Mouse erythropoietic stem cell lines function normally 100 months: loss related to number of transplantations.
Animal, Cell-Division, Cell-Line, Cell-Survival, Erythropoiesis, Hematopoietic-Stem-Cells: cy, tr, Lymph-Nodes: cy, Mice, SUPPORT-U-S-GOVT-P-H-S, Transplantation-Homologous
Mech-Ageing-Dev. 1979 Mar; 9(5-6):427-33.
Marrow stem cell lines from old and young donors in parallel experiments were transplanted into genetically anemic W/WV recipients. These recipients were populated and their anemias were cured by stem cell lines from WCB6F1 or C57BL/6 dorons that had been repeatedly transplanted up to five times at annual intervals into successive W/WV recipients. Old marrow cell lines produced erythrocytes normally for as long as 2600 to 3000 days. However, after three to four serial transplantations many stem cell lines failed to cure at least two-thirds of the recipients, and all failed by transplantation six. This decline occurred in a similar pattern whether the original stem line donor was old or young. Two experiments suggested that the decline was caused by the transplantation procedure: (1) chromosomally marked donor cells from old and young donors permanently populated lymph nodes in lethally irradiated recipients after the first transplantation, but under the same conditions cell lines from the same donors transplanted a second time were substantially infiltrated by regenerating recipient cells; (2) the ability to compete with the same chromosomally marked cell line in populating irradiated recipients declined markedly in both old and young marrow stem cell lines that had been previoulsy transplanted.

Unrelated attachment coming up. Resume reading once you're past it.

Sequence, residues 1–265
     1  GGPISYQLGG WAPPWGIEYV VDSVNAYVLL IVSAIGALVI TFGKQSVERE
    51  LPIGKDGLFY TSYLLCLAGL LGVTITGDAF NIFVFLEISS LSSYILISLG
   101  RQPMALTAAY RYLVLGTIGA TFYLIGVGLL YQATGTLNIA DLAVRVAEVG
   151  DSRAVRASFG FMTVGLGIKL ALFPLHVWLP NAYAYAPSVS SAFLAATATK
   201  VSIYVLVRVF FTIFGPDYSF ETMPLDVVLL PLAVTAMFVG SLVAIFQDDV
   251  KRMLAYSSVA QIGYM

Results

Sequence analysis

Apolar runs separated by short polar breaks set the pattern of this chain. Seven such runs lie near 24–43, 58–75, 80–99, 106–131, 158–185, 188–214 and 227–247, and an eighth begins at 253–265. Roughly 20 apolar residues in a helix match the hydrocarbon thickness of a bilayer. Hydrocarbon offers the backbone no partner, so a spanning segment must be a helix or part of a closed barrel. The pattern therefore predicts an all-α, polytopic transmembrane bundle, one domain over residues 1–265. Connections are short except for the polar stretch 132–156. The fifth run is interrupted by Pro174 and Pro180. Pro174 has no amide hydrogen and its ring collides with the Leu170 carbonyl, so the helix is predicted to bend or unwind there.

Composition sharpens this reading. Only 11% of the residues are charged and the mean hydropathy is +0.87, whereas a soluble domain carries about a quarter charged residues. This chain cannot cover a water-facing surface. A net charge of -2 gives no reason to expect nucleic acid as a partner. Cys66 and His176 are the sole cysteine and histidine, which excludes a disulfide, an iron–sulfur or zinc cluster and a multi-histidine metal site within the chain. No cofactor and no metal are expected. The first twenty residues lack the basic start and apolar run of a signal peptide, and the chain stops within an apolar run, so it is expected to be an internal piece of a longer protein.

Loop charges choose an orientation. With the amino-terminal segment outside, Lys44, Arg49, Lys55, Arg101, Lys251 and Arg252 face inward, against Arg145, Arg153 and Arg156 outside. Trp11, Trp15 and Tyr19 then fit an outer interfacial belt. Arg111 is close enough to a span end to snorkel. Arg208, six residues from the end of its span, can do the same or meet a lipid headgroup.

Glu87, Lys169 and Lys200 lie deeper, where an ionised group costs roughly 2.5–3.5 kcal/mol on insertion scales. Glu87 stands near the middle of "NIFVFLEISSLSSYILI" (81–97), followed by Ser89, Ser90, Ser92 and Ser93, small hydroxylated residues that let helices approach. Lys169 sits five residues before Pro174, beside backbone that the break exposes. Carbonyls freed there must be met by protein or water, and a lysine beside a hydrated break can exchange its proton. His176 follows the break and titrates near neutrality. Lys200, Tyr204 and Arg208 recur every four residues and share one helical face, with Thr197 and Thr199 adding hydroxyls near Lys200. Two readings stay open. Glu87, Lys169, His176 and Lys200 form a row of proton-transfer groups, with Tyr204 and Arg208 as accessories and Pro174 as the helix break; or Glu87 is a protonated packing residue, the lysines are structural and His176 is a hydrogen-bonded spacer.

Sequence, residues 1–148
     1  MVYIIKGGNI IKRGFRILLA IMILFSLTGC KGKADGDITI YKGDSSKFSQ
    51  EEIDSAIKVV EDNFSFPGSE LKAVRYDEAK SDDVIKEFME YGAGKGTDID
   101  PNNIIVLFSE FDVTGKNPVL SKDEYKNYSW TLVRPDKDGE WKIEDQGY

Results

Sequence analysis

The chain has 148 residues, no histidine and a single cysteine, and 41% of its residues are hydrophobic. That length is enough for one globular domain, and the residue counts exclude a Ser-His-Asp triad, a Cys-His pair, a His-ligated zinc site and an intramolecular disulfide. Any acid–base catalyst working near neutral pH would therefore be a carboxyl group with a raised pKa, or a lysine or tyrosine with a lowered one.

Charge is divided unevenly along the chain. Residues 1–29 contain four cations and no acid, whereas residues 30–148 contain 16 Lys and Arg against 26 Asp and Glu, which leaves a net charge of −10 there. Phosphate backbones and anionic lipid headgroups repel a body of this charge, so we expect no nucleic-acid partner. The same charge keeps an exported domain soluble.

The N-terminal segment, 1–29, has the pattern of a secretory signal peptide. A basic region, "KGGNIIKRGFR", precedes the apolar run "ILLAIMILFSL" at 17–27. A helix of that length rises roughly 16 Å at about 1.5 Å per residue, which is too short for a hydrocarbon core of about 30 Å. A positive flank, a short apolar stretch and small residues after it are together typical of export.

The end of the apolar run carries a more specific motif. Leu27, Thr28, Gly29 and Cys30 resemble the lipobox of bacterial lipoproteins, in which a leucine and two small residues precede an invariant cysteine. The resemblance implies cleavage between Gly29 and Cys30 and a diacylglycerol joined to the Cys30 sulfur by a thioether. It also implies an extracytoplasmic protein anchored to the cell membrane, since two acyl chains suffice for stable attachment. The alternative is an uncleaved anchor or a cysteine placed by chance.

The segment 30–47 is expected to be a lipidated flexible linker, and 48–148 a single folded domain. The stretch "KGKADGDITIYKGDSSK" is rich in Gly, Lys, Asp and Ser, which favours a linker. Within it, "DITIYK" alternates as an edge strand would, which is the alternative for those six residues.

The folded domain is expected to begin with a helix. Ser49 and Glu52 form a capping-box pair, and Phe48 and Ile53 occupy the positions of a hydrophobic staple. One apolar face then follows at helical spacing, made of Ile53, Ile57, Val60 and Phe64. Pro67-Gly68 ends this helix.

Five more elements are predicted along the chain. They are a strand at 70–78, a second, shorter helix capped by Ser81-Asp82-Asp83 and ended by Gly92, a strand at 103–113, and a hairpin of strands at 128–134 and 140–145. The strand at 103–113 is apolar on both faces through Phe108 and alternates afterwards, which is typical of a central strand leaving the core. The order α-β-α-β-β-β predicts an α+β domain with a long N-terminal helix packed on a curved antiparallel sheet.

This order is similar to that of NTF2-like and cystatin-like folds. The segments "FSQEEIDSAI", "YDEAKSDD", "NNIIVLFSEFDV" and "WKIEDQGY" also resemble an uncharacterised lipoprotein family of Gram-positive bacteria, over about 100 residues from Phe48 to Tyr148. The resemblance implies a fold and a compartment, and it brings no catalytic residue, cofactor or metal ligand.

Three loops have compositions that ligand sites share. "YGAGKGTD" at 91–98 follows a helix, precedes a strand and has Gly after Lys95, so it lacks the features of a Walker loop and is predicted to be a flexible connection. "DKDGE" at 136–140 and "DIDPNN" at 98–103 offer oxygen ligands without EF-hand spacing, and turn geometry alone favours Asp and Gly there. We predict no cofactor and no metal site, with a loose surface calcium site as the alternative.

Mouse erythropoietic stem cell lines function normally 100 months: loss related to number of transplantations. Mech-Ageing-Dev. 1979 Mar; 9(5-6):427-33.